Twinjet with asynchronously stopping contrails over Thuringia [MNG Airlines Airbus A300 TC-MCA]


Senior Member.
A recent video posted on youtube on April 26, 2016 shows a two-engine jet leaving a single trail from the starboard engine that stopped eventually.
Screen Shot 2016-05-01 at 10.35.09.png
In the very beginning, there are also remnants of the port engine's trail that stopped earlier. The video was taken in Thuringia in the middle of Germany, but no information was provided on the exact location, date and time of filming.

Fortunately, in the video there is a zoomed in image of the aircraft that allowed its unambiguous identification:
Screen Shot 2016-04-29 at 17.38.45.png
The Sun's reflections from the bottom of the wing revealed five flap track fairings per side, more than in any modern airliner, but characteristic of an older Airbus A300. A small number of A300s are still flying in Europe, mostly as cargo planes. The zoomed in image also shows a bit of the airline livery - a dark (blue?) painted tail and a half-lenght strip underneath the body. These belong to a recent livery of MNG Airlines, the Turkish cargo airline with hubs in Istanbul and Cologne, Germany.
TC-MCA by Jim Fulton, on Flickr
The airline has six active A300s in its a fleet and operates regular flights from Istanbul to Germany and beyond. Of these, only MNB6121 to Cologne passes over Thuringia. The most of MNG flights to and from Western Europe are in the night time, with the exception of Sunday's flights to Cologne, which arrive there in the afternoon before sunset. Of the four MNB6121 Sunday's flights in the past month, the two on April 3 and 24 were made by TC-MNV, and the other two on April 10 and 17 were made by TC-MCA. Both aircraft were sporting the above livery, however a few months ago TC-MNV had been repainted to a new livery that rules it out. In contrast, TC-MCA remains in the original livery, in which it was photographed on landing in Cologne three weeks ago, on Sunday, April 10, 2016:
Airbus A300C4-605R TC-MCA MNG Airlines | Köln/Bonn Konrad Adenauer Wahn CGN/EDDK by Horatiu Goanta, on Flickr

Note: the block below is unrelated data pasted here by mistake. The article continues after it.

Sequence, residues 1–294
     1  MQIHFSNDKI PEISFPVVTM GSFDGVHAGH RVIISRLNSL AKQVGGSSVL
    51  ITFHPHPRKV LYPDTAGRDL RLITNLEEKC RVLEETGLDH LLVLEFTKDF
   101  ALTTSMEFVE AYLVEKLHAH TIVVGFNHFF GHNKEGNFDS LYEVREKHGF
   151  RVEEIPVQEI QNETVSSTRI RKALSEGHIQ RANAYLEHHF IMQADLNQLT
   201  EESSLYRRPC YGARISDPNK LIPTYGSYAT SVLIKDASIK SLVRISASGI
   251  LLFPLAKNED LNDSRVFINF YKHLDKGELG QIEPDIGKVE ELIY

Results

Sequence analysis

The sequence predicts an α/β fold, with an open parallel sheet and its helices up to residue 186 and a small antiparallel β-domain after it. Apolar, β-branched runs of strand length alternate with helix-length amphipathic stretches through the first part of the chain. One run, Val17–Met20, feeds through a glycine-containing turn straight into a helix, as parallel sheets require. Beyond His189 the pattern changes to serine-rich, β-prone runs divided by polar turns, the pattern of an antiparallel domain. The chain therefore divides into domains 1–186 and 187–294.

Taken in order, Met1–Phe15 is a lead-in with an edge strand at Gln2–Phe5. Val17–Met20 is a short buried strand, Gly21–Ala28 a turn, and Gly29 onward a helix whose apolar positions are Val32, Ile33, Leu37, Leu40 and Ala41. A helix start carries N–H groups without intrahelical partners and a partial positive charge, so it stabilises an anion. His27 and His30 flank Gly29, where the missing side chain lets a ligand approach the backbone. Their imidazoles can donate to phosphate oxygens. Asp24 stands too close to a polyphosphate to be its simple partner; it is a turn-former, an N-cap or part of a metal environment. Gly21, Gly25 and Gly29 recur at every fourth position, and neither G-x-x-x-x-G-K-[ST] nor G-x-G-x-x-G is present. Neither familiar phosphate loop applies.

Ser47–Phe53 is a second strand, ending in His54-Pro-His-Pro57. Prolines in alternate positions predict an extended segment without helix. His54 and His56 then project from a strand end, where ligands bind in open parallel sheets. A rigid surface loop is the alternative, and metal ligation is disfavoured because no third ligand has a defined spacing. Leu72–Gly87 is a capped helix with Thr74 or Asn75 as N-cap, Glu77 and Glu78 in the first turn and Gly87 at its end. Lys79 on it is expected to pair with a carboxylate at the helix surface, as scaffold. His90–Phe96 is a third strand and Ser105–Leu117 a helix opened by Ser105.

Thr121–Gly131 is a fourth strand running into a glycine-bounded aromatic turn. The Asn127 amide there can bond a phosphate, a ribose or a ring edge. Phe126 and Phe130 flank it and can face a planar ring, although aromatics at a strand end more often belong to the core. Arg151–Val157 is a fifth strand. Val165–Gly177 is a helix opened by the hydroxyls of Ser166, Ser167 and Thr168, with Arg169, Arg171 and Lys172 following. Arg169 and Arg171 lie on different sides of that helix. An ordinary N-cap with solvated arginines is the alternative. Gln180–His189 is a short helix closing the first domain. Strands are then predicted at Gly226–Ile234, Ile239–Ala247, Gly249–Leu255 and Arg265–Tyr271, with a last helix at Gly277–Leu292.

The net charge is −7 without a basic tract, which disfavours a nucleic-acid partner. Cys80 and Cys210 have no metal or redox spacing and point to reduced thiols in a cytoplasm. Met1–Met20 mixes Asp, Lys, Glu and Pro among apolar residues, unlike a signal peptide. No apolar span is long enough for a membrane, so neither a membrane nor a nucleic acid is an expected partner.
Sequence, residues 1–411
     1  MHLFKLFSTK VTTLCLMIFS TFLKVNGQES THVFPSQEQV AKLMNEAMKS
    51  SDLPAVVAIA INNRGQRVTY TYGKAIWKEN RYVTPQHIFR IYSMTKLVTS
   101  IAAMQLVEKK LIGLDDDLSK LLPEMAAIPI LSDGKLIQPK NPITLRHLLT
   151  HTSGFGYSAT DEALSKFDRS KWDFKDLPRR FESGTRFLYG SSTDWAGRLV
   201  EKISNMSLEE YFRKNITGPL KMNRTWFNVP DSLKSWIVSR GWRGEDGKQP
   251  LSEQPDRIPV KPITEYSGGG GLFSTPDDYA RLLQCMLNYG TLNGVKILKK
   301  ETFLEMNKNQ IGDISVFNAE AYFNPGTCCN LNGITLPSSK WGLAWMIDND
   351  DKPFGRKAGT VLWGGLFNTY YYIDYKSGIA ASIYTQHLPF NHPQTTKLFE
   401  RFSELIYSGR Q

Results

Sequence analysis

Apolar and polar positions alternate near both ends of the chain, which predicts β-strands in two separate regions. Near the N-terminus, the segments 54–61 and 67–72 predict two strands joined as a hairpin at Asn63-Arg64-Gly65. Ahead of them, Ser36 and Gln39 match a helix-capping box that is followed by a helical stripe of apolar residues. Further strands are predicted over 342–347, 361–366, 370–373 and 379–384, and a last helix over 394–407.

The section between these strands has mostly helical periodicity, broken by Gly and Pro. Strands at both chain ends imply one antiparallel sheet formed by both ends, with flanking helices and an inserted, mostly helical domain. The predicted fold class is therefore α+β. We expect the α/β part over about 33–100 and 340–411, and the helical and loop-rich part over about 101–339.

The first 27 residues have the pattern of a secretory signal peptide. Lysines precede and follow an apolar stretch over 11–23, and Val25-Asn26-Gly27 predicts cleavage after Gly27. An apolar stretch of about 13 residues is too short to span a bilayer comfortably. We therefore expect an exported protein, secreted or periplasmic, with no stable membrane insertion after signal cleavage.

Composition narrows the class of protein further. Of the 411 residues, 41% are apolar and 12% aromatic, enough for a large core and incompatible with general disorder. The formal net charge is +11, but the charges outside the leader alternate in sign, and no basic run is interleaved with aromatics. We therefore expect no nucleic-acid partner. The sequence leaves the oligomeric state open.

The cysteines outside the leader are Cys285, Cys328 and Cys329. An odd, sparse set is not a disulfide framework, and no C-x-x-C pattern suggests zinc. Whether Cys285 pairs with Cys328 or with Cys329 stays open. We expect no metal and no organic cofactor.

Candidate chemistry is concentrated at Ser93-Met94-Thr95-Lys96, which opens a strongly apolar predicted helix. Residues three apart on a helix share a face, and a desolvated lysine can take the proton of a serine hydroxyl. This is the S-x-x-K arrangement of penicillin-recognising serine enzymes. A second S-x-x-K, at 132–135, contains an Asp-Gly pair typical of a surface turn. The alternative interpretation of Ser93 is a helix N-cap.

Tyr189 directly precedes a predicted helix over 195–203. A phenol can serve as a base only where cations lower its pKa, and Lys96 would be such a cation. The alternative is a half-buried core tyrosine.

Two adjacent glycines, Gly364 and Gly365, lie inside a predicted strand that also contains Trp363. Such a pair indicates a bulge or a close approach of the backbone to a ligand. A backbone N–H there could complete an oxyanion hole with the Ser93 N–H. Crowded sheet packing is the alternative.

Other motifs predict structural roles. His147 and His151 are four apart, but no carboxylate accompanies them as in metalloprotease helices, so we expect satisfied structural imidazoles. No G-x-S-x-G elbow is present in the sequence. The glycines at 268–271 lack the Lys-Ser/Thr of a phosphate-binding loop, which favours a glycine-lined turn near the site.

Therefore it almost certainly was TC-MCA, the only remaining A300 in this livery, which probably was videoed in the late afternoon on either April 17, which is closer to the posting date, or, alternatively, one week earlier on April 10. The playback shows that on both occasions the aircraft passed over Thuringia, where its descent to the Cologne Airport had begun.
Screen Shot 2016-04-30 at 22.14.36.png Screen Shot 2016-04-30 at 16.02.30.png
The descent from from 34,000 ft to a warmer air below can account for the contrails' stopping. Still, the main question remains: why did the contrails from different engines stop asynchronously?

I have come with two possible simple explanations. One is that the old plane during its 20+ years' service could have the original engines replaced with two different engines of slightly different efficiencies. The other is that the pilot initiating descent could have throttled down one engine, while keeping the other engine's settings unchanged. I would like to hear professional opinions about these, as well as other possible explanations of asynchronous stopping of contrails.

Edit: corrected typos in the flight number/callsign MNB6121

Note: there is a related Metabunk thread:
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Senior Member.
Engine thrust is always kept symmetrical unless there is a some sort of malfunction or procedure to go through.

With older engines though their may have been some difference in the fuel control units that allowed one trails to last a little longer as the thrust was brought back to initiate the descent. Th effect was only for a couple of seconds so while I am speculating here, it is plausible.


Senior Member.
Th effect was only for a couple of seconds
In the video, one contrail outlasted the other by about ten second or more. I think this asynchrony is somehow related to the plane's old age, but can only speculate about its possible causes.

Anyway, the asynchrony of engine contrails ought to be due to either different engines, or different engine settings. If the latter is true, it could be a malfunction, or a deliberate procedure. Perhaps, the old aircraft engines have a "temper", responding differently to controls, like some old car engines?
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